Saturday 22 September 2007

I heard a man talking on the phone in an Irish accent

along 5th avenue.

"Irish!" I called after him, the way I do here, sometimes.
He didn't turn around.

It's irresistible to me, when I hear it. It sounds so beautiful. I have had a number of conversations with people in the street purely on the basis of hearing my home accent. And it's interesting, because there is a relationship between the amount of time a person has been living away from their home country, and the strength of their desire to talk to another Irish person purely because of the resonant music of Irishness.

A thought struck me last night, walking home (from Freddy's: look, any time you see me writing about the thoughts I have on the way home, just know it happened after Freddy's, I think I'll have to make a new label: walking home from Freddy's) and it was very simple: love for one's country grows in exile. That has been my experience, and while exile is a grandiose kind of a word, I like it for what it signifies to me underneath and before the grandiosity.

And it's true in my case. I have found myself having a sense and feeling of Ireland that is entirely new, a love for the place that has actually only really come into existence since I moved away from it. It grows inside you. I think that's probably just the natural way of things. When you're in a place, the tendency is to take it for granted, and crib about the small stuff, and then when you're away from it, the broad strokes come into relief. I think age has a lot to do with it, aswell, though maturity and age do not often, actually, dovetail.

One of the things I love about new york city (and there are many, and I want to write about all of them, ultimately) is the ubiquity of the English language. It's just so easy to understand and be understood by people here. And you get to hear all kinds of interesting stuff, stuff you can understand. I only have this particular appreciation for the fact that I hear English everywhere because I lived in Denmark for three and a half years, and one of the things I missed very much about living there was that I felt so shut off from streetlife in that way, so shut off from the overheard joke, and the generalness of things.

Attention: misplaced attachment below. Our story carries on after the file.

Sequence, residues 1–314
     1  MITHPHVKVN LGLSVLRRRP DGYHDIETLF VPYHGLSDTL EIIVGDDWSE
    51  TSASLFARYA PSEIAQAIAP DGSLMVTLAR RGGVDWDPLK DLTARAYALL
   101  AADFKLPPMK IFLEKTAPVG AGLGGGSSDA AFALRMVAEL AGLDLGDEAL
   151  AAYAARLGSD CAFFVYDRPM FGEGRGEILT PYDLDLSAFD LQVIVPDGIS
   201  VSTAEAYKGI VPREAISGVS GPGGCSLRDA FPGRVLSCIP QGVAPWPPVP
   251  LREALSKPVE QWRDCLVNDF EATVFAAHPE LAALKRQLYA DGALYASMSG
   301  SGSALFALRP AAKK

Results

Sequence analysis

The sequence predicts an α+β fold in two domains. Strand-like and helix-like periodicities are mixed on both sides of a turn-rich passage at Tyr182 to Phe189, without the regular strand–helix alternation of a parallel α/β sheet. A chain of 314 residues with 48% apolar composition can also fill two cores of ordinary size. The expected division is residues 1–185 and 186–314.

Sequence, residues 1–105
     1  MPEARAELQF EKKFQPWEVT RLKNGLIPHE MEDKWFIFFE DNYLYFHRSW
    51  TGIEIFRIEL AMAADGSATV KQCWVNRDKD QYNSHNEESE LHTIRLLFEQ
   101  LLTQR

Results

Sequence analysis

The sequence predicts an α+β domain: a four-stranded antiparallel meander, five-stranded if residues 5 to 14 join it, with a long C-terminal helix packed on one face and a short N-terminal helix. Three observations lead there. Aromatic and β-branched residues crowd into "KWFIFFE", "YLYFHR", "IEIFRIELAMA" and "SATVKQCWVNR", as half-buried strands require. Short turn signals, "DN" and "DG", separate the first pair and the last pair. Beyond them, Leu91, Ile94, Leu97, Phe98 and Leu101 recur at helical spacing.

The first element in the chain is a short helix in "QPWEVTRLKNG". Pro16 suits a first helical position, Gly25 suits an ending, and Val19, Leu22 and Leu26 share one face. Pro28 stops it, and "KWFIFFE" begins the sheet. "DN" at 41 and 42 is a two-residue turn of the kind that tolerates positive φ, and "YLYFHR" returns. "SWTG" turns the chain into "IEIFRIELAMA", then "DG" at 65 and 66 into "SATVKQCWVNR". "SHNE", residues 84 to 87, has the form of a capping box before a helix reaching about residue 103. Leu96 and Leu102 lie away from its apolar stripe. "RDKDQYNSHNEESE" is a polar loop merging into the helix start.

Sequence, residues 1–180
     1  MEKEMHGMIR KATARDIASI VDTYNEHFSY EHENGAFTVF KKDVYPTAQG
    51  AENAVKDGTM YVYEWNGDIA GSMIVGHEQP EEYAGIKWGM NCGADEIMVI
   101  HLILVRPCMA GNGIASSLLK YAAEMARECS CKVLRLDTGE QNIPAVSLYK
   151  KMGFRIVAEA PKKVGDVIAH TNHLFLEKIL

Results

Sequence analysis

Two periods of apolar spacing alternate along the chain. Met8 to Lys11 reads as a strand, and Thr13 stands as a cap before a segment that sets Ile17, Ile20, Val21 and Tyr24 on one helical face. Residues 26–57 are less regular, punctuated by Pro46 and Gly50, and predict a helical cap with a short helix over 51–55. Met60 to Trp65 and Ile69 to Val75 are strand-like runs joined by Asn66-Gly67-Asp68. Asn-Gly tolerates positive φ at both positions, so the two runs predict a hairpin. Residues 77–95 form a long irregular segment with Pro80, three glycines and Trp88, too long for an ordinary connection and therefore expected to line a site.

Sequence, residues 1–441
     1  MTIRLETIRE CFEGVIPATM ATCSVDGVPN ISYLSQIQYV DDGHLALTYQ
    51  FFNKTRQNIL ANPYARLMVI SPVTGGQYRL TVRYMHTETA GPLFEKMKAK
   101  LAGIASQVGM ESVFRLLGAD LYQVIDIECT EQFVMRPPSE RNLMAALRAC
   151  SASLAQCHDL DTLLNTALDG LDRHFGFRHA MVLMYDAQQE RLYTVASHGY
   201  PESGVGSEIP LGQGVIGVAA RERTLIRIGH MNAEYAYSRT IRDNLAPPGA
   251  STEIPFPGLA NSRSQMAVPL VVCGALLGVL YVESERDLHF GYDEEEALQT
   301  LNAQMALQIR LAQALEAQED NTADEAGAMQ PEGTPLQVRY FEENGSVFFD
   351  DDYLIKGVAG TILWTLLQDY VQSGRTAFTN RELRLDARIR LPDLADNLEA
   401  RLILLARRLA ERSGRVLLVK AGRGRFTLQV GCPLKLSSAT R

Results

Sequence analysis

Also, the more you speak English to people for whom it is not their native tongue - no matter how fluent they are - your own language skills start going down the toilet fast. You lose your slang, you lose your jive, you pick up bad habits in your own language that are prevalent in non-native speakers. And when you speak their language, you're only ever able to express yourself mediocrely, at best. However, despite all this, I had some profound and beautiful moments of connection with people through Danish. In particular, the old people I visited and cared for, during my last months there. That was where it all happened, with Danish, for me.

You can hear every language being spoken here in new york city. I have an appreciation for people who come to a strange place without knowing the language. I was stopped for directions on Prospect Park West by a middle aged man with almost no English, who I could just about make out was looking for Montgomery st., and he was rolling a delivery trolley. I didn't know where it was, but I shouted to the people behind, and they didn't know either. Anyway, I bade him good luck on his way. Jesus, though, I thought, and turned around to the people behind again, and said,

"Jesus. Imagine not being able to speak English and coming to new york city, and trying to survive?" That is just unfuckingfathomable. And it happens, thousands of times every day. Anyway, it turns out that the people behind were from Namibia and Germany, had been living in the city for a long time, and they had their own stories to share.

Learning a new language in situ is challenging, under any circumstances, especially if you have no choice but to speak it through the day, to be in that mode of trying to understand, all the time. It's like a switch that is permanently on, in your brain. You're reaching out, in some inexplicable way, constantly, to catch subtle inflections, throwaway vowel sounds, a look in the eye. You get used to spending entire years of your life catching 10, 15, 20% of conversations, of never getting the joke even when you understand it, of constantly being, to a greater or lesser extent, out of things, outside of the culture. Because you are. I think you need a very strong anchor to keep you in a monoculture that is not your own, and one that is so strongly based on its own traditions, like Denmark is.

And I've met people who have that anchor, they found it through love, through marriage and family. I didn't find anyone who was not Danish, who found that anchor through love of the place itself, there. But I'm sure there are people who have settled there, particularly along the west coast, who found that kind of love, that kind of devotion, to the place, the landscape. People find that feeling every day in Ireland. The place is jumping with every nationality in the world. It's like a mini-new york.

I find it here.

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